Wounded Warrior Project Saw $70 Million Drop In Donations Last Fiscal Year
The overspending scandals hurt the popular charity, but they say they are back on trackScreen Shot 2017-05-10 at 6.11.25 PM
Wounded Warrior Project (WWP) was down $70 million dollars in donations during the second part of 2016, according to newly released financial records from the charity. The drop reflects just how the charity was affected when two of its top officials were fired last year for misappropriating funds and overspending.
According to Military.com, Chief Executive Officer Mike Linnington says the sharp decline in donor confidence has “leveled out.” Many people were hesitant to donate after the scandal of misappropriation led them to believe their donations were no longer going to support wounded veterans, but were instead being used to fund lavish business meetings with top executives.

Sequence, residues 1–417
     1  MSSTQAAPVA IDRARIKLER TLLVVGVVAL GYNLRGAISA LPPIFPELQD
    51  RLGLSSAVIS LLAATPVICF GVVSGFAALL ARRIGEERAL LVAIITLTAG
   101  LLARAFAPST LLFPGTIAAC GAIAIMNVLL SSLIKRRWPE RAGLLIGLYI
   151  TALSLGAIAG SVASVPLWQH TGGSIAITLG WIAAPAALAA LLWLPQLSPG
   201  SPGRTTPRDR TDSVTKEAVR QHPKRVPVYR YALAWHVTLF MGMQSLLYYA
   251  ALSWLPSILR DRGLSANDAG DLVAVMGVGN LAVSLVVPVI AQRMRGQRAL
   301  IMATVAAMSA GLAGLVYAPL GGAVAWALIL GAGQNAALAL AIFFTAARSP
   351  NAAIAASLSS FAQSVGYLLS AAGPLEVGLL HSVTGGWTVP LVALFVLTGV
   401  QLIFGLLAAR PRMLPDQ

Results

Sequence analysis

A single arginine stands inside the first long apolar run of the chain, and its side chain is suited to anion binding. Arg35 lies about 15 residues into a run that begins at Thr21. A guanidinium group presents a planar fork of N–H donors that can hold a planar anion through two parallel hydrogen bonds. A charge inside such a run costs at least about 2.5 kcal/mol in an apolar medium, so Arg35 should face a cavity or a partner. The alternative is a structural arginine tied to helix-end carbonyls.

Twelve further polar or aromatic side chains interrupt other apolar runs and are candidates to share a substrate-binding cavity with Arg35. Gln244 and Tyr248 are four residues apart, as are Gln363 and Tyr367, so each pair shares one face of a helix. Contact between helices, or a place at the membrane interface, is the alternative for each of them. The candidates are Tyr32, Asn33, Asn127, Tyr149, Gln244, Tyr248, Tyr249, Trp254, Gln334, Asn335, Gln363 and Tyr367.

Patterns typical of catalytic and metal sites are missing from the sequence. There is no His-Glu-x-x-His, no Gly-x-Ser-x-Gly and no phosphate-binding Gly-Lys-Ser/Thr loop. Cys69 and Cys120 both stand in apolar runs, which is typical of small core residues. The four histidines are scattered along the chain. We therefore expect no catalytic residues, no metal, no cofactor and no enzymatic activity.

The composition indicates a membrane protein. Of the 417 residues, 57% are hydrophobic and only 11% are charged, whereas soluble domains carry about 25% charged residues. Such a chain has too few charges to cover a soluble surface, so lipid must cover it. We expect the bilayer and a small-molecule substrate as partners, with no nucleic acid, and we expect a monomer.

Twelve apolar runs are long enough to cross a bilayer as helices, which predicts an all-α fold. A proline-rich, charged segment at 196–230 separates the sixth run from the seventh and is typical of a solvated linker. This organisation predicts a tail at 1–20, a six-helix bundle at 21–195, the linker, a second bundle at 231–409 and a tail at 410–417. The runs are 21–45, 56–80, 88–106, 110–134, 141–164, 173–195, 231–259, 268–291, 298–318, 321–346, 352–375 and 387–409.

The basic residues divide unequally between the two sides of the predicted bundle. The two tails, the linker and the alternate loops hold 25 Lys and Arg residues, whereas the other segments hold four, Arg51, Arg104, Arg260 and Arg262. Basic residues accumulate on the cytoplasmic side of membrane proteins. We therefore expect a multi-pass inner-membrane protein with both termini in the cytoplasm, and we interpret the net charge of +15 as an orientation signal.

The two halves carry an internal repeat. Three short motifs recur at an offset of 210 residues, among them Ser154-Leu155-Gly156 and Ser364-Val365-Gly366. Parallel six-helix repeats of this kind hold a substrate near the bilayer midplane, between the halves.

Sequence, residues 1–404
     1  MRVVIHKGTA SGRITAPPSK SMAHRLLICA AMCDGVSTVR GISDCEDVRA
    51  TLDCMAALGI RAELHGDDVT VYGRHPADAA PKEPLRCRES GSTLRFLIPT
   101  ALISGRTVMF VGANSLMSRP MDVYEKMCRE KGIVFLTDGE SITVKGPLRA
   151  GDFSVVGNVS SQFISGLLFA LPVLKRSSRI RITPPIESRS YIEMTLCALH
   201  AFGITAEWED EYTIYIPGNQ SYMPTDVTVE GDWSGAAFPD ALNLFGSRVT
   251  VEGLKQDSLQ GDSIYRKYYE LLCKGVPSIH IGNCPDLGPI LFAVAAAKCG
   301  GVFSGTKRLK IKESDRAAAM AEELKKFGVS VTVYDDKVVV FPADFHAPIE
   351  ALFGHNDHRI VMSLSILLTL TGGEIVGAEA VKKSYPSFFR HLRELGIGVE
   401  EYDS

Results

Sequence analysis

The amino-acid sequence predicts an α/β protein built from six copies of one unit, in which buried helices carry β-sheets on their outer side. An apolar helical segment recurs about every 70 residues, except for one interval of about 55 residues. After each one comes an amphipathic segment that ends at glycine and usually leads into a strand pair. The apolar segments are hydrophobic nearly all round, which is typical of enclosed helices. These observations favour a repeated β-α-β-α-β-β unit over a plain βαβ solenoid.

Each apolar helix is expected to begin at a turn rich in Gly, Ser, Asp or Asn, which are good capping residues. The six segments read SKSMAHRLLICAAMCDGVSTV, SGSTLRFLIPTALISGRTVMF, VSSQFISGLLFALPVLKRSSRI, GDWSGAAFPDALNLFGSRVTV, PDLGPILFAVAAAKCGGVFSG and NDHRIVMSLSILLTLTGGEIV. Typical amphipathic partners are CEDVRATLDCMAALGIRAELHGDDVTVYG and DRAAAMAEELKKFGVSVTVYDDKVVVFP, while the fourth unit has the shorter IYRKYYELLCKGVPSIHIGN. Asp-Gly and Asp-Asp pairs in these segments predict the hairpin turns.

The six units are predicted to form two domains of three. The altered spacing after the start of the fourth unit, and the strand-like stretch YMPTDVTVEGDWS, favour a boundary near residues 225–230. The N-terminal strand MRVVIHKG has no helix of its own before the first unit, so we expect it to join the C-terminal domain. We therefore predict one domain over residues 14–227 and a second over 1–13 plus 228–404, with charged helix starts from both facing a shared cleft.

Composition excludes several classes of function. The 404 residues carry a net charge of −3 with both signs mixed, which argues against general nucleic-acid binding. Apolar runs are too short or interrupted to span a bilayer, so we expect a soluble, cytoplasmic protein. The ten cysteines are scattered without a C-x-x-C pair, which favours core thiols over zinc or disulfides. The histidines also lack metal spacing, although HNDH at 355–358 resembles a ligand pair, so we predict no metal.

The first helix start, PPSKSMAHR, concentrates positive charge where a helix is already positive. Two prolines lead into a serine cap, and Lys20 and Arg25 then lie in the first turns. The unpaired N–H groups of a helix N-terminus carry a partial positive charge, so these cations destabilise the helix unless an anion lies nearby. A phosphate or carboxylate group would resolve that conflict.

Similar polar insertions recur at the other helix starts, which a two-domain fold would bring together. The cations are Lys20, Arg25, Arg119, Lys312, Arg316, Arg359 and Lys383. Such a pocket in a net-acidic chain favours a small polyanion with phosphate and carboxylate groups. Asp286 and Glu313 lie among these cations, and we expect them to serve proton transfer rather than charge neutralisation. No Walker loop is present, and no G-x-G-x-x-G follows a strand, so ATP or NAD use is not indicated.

When Linnington took over, he became the captain of a sinking ship, so to speak. The charity was losing money rapidly, and donors no longer felt comfortable keeping up monthly donations. Funds from other places began to drop as well and it looked quite uncertain whether or not they would be making a comeback. Linnington did what he could to trim the fat from the company, firing 85 employees and cutting down on event spending.
He said the idea was to, “cut deep, cut once, then restore whatever confidence was lost, to quickly build programs. It was a tough time.”
“I get a little emotional just thinking about it,” Linnington continued. “Folks were very uncertain. We know that at the end of the day if you want to have the impact we want to have, you have to spend money to raise money.”
“If we didn’t spend money on direct mailing and direct solicitation, we would be a $50 million organization,” he added. “To be the one that has the biggest impact and support others, we have to continue our investment in fundraising. BBB, Charity Navigator and GuideStar all agree.”
Charitable revenue fell $70 million during the second half of the 2016 fiscal year from the $398.9 million in 2015.